Thoughts on Gone With the Wind

(I wrote most of this a few days ago offline, but now have peppered it with a bunch of quotations from the text)

As I’ve already written in earlier posts, I considered not having read this iconic work a serious gap in my ‘cultural literacy’ – one that has now thankfully been rectified.  At 959 pages, it took me maybe 20 hours total to read (at my age, that’s a pretty big time investment that I don’t make lightly)

I enjoyed the leisurely introduction of the characters in this book, the sheer length of which I suppose allows Mitchell this luxury.  Rhett Butler, for example, doesn’t even make his first appearance until after page 100.

To me, Gone With the Wind is the story of four people and how they dealt with the ‘end’ of the southern culture and the trauma of the Civil War. Agreed, the book has one protagonist, the infamous Scarlett O’Hara (-Hamilton-Kennedy-Butler), but her interaction with one or more of the other three (Rhett Butler, Ashley Wilkes, and Melanie Hamilton Wilkes) is continual throughout the work.

Rhett Butler is the opportunist, who sees the fall of the South as a way to enrich himself.  He is a social ‘outcast’ who refuses to let an earlier ‘indiscretion’ (at least by society’s standards) ruin his life.  He is imminently practical and often mentions how one can make money during the emergence of a civilization, but also during its dissolution, and that money can be made more quickly during the fall.

(regarding Scarlett’s thoughts of him) “But somehow, unbidden, she had a feeling of respect for Rhett Butler for refusing to marry a girl who was a fool.” – chapter 6 Read the rest of this entry »

Finally Finished!

Yes! I was able to complete this book over the weekend, reading the final 200 pages or so today.  I liked it very much, and it wasn’t quite what I was expecting.  I’ve written earlier that I’ve never seen the movie or read the book, and I was under the impression all the action took place during the Civil War, but the book goes well beyond the end of the war and far into the Reconstruction era.  I’ll write something longer about my overall impressions later, but wanted to brag that I had indeed finished this very long novel.

Another Progress Report: Gone With the Wind

I just finished with part four of GWTW (this is one loooonnng book – 959 pages in my edition). I have 170 pages to go – roughly four hours of reading at my ‘slow’ pace. Can I make it to the end today? We’ll see…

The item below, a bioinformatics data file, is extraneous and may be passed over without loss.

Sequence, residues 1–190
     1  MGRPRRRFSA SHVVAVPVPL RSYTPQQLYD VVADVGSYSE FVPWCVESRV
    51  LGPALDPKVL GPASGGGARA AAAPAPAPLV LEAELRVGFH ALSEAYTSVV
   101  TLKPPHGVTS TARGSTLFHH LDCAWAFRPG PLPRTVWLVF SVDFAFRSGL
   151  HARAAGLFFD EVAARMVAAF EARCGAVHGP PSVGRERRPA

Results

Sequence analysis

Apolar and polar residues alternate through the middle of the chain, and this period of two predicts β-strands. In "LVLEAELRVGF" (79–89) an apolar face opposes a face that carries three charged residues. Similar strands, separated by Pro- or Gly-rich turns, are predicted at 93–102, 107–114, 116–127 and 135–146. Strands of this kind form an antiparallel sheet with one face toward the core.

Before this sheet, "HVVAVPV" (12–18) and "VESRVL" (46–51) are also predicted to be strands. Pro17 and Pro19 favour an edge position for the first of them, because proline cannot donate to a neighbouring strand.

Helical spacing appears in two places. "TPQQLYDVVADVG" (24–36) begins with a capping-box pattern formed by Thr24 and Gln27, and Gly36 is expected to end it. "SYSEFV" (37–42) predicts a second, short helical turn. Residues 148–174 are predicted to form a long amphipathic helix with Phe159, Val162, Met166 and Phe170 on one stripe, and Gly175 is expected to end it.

Progress report: Gone With the Wind

As of this morning, I have completed part 2 (I think that’s up to chapter 19).

****READ NO FURTHER if you don’t want me to spoil anything…****

Ashley Wilkes is a POW in Rock Island, Illinois. Sherman’s army is “at the gates” of Atlanta. Rhett Butler is still ‘working on’ Scarlett. Melanie Wilkes is still oblivious to Scarlett’s true nature (seemingly). Scarlett is still remarkably self-centered in spite of all the suffering and privation surrounding her. Oh, and Melanie is pregnant (Scarlett is predictably upset by this development)

The Civil War is about 75% over (chronologically) but the book is only about 30% over. How is MM going to fill up another 600 pages? I will find out soon, hopefully…

Now reading: Gone With the Wind

This will be my fourth book in Project: Civil War.  It is a dauntingly long novel, with which I’m sure everyone is familiar.  It won the Pulitzer Prize in 1937 and, of course, was made into one of the most famous movies of all time. Now, frankly, I don’t give a damn (sorry, that was too easy) about movies per se and I am one of the probably few people who has never seen Gone With the Wind.  I have seen bits and pieces here and there, and have always meant to watch it, but never got around to it (or never had the four hours in a row to spare).

Now that I’m reading the novel, I consider my never having watched the movie a good thing.  I have been shocked, Shocked!  (there’s another famous movie for you) to learn a few things.  A)  Scarlett is only 16 years old at the start of the novel B) she actually got married and had a child with Melanie Hamilton’s brother Charles (who quickly dies, leaving her with child and in mourning)

As of this morning’s one-hour reading session while sipping my Starbucks (Grande Decaf with Hazelnut syrup with no room for cream), I am about 175 pages into the book (my version anyway), which finds Scarlett living in Atlanta, with her sister in law and ‘aunt-in-law’.  Those poor unfortunates assume Scarlett’s depression is due to her dead husband, and not the fact that she has to follow society’s conventions regarding mourning and is not “having any fun.”  Scarlett sees a chance at getting out, though, to help fill in with preparations for some party, and that is where I left her this morning.

I am enjoying the book so far.